From the desk of Christopher Kimball
Dear Home Cook,
Over the holiday, it felt like South Carolina had moved to Vermont! There was no snow and the temperature climbed up into the high forties. No snow, no sledding, no snowplowing, and no skating. But the good news was that the rabbit hunting was fabulous. Tom and I took out Bernadette, his seven-year-old beagle, for a couple of days on the side hills and she ran a half-dozen rabbits per day. One afternoon, I was standing in a narrow field between a large patch of thorny scrub and the woods and I watched the same large rabbit scoot across, always out of range. I kept moving up the field, predicting where he might dart out next, but I never got it right. Finally, as I was looking to my right, he ran across, and just as I turned back, I saw him disappear into the bushes. It felt like a Bugs Bunny cartoon. (Guess that would make me Elmer Fudd.) Click here to see a few photos of rabbit hunting.
New Year’s brings with it the beginning of the political season, hence this story from the world of Vermont politics. An old-time northeast kingdom farmer, also a stout Republican, went to see the Democratic sheriff to report a theft.
“Yes, sir,” the farmer said, “yesterday I butchered a hog and left it hanging by the barn. During the night someone came along and stole half of that hog and I am sorry to say that it was a Republican.”
“And why,” asked the sheriff, “do you think that it was a Republican?”
“Because,” said the farmer, “if it had been a damned Democrat, he’d have taken the whole hog!”
In other news, the price of milk is high these days—good news for our local dairy farmers—and the road just before the turn to Pawlet has been repaired for some time now after the big flood. Things seem pretty quiet at the country store as the economy has not picked up yet and winter is slow. The best Christmas decoration was the old Farmall tractor on my neighbor’s lawn that was decked out in small white lights. The perfect vision of a Vermont Christmas.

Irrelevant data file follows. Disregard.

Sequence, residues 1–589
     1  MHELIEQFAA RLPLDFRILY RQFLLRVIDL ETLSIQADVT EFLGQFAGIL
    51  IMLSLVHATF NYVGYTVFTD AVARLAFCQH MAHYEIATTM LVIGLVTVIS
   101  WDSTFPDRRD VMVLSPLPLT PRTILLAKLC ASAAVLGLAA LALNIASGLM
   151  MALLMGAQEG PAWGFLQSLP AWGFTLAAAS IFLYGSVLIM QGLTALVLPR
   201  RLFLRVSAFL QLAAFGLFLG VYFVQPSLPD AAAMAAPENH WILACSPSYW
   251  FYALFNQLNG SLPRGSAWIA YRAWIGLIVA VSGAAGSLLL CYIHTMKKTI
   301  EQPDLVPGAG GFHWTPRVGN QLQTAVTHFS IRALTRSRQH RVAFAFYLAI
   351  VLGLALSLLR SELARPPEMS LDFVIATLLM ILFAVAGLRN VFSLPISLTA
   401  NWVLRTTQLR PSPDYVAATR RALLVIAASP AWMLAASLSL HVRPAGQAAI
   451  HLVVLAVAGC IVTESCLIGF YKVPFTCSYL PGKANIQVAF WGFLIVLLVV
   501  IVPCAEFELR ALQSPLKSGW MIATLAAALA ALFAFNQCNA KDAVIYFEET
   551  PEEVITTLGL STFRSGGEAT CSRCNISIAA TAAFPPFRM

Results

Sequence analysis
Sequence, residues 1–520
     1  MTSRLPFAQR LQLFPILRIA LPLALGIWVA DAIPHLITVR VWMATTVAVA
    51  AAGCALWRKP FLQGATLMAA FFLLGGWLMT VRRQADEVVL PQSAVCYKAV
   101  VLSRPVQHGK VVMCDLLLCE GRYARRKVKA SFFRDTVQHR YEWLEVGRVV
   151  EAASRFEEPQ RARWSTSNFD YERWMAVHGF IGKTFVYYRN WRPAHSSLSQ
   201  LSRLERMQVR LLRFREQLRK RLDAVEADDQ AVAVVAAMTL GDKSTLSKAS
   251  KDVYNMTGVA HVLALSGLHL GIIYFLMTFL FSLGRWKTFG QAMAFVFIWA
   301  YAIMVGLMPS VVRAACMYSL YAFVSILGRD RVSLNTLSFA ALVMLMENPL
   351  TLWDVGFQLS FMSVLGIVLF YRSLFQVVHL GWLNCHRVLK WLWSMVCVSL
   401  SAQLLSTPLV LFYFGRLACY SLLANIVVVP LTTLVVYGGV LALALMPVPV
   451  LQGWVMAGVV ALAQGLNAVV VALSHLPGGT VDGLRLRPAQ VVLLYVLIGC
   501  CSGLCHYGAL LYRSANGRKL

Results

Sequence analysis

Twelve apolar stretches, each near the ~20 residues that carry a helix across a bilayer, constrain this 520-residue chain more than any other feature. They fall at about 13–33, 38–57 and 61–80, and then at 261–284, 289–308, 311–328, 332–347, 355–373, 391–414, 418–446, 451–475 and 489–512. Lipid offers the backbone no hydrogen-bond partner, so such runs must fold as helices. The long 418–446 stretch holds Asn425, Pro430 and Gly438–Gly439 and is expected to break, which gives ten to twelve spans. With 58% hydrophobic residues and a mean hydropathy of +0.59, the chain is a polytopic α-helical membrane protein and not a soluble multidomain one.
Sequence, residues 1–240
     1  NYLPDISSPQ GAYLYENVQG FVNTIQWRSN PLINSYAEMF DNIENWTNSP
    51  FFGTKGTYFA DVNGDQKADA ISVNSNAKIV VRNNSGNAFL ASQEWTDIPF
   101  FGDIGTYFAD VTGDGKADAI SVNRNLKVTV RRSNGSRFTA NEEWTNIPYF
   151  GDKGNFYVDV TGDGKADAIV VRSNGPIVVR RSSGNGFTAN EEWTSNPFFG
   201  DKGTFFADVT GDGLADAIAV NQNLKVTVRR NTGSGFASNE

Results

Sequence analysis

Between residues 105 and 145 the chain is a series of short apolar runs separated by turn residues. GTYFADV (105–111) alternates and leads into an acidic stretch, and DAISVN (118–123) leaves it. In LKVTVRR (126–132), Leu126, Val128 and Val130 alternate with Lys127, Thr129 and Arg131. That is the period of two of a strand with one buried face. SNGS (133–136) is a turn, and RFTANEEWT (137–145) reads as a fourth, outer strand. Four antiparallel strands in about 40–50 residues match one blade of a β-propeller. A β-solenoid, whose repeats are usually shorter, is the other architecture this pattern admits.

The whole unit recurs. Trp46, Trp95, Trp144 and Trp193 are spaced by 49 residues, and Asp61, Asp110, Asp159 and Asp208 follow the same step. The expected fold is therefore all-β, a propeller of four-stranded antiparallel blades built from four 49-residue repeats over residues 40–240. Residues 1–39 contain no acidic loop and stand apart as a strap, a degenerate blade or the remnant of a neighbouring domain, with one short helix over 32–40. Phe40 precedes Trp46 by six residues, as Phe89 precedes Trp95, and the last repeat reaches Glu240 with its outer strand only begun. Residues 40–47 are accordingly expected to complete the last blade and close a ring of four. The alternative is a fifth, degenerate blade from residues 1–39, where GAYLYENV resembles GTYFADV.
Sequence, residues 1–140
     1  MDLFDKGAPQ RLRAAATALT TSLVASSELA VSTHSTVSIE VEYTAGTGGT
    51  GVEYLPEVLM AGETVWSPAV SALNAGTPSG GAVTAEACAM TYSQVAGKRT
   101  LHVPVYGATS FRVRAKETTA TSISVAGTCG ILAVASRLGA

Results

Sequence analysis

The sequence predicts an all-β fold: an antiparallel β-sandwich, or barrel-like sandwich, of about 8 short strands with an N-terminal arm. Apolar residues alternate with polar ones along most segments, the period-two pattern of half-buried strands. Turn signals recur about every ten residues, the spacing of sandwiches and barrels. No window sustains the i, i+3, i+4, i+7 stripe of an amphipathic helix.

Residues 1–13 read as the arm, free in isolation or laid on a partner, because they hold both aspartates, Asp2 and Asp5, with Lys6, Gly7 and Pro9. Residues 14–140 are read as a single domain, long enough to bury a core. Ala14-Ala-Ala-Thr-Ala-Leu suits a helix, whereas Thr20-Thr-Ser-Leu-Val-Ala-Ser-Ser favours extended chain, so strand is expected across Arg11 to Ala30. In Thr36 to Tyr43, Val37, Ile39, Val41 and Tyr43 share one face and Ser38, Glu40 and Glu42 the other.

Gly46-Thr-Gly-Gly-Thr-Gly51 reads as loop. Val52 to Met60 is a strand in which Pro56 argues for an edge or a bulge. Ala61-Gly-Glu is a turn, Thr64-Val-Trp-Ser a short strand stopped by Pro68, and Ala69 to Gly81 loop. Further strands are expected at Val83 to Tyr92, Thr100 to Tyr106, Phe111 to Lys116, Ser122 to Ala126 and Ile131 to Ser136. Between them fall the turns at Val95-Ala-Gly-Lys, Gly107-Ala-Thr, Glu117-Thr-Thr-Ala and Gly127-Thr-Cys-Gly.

Just before the holidays, I stopped by the Dorset School to see a good friend, Ellen Saltonstall, and to interview some of the kids about school lunches. For years, I have wondered about how one might adapt the Alice Waters approach to school lunches in a colder, less hospitable environment. Well, it works here, too. The school is planting fruit trees. The parents have ponied up their hard-earned money to help purchase local beef instead of what the USDA provides. They are starting to grow many of their own vegetables. Scout Proft, who runs Someday Farm, mostly an organic poultry operation, with her husband, Matt, has been very involved as well. In true Vermont fashion, these folks are not waiting around until somebody else comes up with a solution. They are just doing it, much like the response to the severe storm earlier this fall. When everything is local and you know your neighbors, things get done a whole lot more easily.
The cold weather has just moved in and so the pellet stoves and outdoor wood furnaces are going hard. I am reading The Tiger’s Wife, which I highly recommend, as well as enjoying the new Sherlock Holmes series from BBC America. My favorite cookbook these days is Plenty by Yotam Ottolenghi, based on the food served at his high-end takeout shops in London: inventive, healthy, interesting food. Tried a talking timer in the kitchen over the holidays and it drove me nuts (“Fifteen minutes to go . . . Ten minutes to go . . . Three minutes to go . . .”). But my new pepper grinder, the Peugeot Daman U’Select Shaftless 8.25 Inch Pepper Mill, is still brilliant: Produces a lot of ground pepper, and filling it is easier than falling off a log. (Have done both.) Also went to see the new Tinker, Tailor movie and recommend watching the original instead—the one with Alec Guinness. Nobody will ever do George Smiley better.
I leave you with a story that comes all the way from London. It is true that some old-time Vermonters were not too keen on bathing, especially in the winter. Back in the 1950s and ’60s, many of the farmers in our town were of Finnish descent and used to bathe just once per week, during the Saturday night group sauna. With that in mind, this story is about the newsboys of a certain district of London who were taken on an annual outing by train out of the city and up the Thames. There, they would spend the afternoon in the river, horsing around and, of course, bathing. One little boy was just getting into the water when a sharp-tongued friend observed, “I say, Bill, ain’t you dirty!”
“Yes,” replied Bill. “I missed the train last year!”
Enjoy the winter, especially the opportunity to stand in front of a warm stove.
America’s Test Kitchen